Video & Images

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Description & Instruction

Play the xylophone and launch a resonant particle into the universe — a game of music and meditation.

The artwork consists of a round xylophone with a built-in Arduino board to detect knocking signals and a digital rhythm game as the digital feedback and instrument guide. Originally inspired by the Himalayan singing bowl, the installation wants to create a harmonious and ethereal atmosphere by playing the instrument through the guide of the rhythm game.

The game is to control a particle to jump through a cosmic tunnel that consists of halos. If the player strikes the xylophone when the particle reaches the center of the halo, it will leap upward. If the player strikes around the xylophone, the particle releases a wave that triggers multiple halos to resonate and rise higher. The particle would evolve into different forms as it reaches a higher level. Are you able to launch it into the deep universe?

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List of Components
Component Amount Supplier Notes
Laser cut wood chips 4 Mechatronic workshop, Plastic & laser workshop to hide electronic components and serve as a base of the instrument
Wood chips 10 Matti’s kind help! to create different sound
Acrylic chips 2 Plastic & laser workshop to show the LED lights
LED lights 2 Mechatronic workshop to be put in the xylophone as a striking feedback
Accleormetor 1 Adafruit Product page, to sense the strikes
Drumstick 1 Found in Mechatronic workshop -
Arduino NANO RP2040 1 - -

Initial Concept & Inspiration

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Here is a video of playing a singing bowl with water inside, which would create faraday wave. It is visually stunning while featuring calming sound. Although I can’t guarantee that I would create this outcome but it gives me inspiration to use this instrument.

For detecting different knock sounds, I may use this arduino built-in example and this tutorial video of making a knock detector. The sensor is expected to be installed in the bottom of the bowl. Another solution might be using the acceleration sensor as knocking detector. However, I haven’t figured out how to detect the other motion of the drumstick rubbing against the rim of the bowl yet.

Initial List of Components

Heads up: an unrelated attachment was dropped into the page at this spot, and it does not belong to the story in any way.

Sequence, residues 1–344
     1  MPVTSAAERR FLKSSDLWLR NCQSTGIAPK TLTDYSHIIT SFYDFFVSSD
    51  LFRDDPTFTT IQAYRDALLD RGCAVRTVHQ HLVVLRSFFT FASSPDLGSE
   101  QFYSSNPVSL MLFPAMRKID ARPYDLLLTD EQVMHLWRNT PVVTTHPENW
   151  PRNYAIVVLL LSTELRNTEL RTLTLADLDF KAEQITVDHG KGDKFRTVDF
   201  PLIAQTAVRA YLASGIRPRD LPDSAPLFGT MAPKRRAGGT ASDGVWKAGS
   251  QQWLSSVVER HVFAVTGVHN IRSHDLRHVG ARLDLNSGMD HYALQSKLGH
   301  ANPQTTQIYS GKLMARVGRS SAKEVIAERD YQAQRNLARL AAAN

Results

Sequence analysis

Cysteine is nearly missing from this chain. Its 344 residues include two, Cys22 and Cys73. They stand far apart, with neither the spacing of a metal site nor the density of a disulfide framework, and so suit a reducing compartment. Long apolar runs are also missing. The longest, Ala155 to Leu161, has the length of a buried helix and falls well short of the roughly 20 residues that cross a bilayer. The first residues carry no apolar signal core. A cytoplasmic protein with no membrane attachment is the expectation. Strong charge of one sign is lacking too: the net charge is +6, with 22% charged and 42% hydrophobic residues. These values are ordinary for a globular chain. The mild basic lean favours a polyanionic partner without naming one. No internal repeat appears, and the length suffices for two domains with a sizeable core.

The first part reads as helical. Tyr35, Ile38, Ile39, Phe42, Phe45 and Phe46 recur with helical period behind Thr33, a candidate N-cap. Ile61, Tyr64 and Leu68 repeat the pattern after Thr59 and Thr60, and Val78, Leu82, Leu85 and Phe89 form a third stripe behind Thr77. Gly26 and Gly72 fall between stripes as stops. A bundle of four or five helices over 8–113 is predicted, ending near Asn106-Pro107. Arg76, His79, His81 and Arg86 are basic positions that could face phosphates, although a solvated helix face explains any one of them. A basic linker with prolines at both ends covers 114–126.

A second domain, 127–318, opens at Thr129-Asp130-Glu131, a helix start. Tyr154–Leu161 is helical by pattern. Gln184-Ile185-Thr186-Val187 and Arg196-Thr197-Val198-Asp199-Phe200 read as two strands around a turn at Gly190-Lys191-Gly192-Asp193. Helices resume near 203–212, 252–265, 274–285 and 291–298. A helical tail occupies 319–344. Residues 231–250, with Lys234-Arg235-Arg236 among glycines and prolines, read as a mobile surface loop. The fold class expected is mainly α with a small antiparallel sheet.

Component Amount Price Supplier Notes
Metal/Pottery bowl 1~2 ~5€ Recycling Center / Ceramic Workshop -
Piezo transducer 1~2 ~1$ Adafruit Product page
Drumstick 1~2 ~3€ Recycling Center -
Arduino Board 1 - - -


Through building the light-sensing robot and making my final project, I have learned how to design and make physical interactions. I have achieved my goals and the final result is satisfactory. But still, there were some unexpected problems during the process since the physical part was not so controllable compared to pure digital projects.

For the physical part, it’s nice that my xylophone could play different sound scales and provide lighting feedback. Modeling the prototype in SketchUp ahead of time with space reserved for electronics before laser cutting has largely reduced iterative time. However, there are some unexpected problems. Firstly, due to the plywood material and the space for electronics inside, the instrument’s sound isn’t as good as the version made of solid wood. Thanks to Matti, I could replace the keys with solid wood, but it turned out that using a whole piece of solid wood in the center was the only way to produce a more pleasant sound. Secondly, the keys were designed to be glued to only the sides of the two wooden boards in the center, which caused them to easily come loose after constant strikes. I am considering adding a reinforcement slot structure to hold the keys. Thirdly, different Arduino boards have different compatibility with Arduino libraries. For example, the Neopixel library for controlling LED strips can’t be used with Arduino UNO WiFi. Even though there are successful cases online using it with NANO RP2040, I have failed to implement it. Luckily, there are always alternative solutions. I used simple LED lights later and they worked just fine.

For the digital part of the game, I took the chance to learn some new tricks for expressions, such as using vertex displacement to create feedback effects in Unity. I’m considering adding more mechanics to the game, including restricting the use of rotation and entering a new scene as the particles rise higher, displaying the record of the highest reach, etc.; and I would try launching it on the mobile platform.

To develop it further, I’d like to see this project as a starting point for a series that reinforces my style and tells a complete story.

Reference & Resources

Game Assets & Tutorials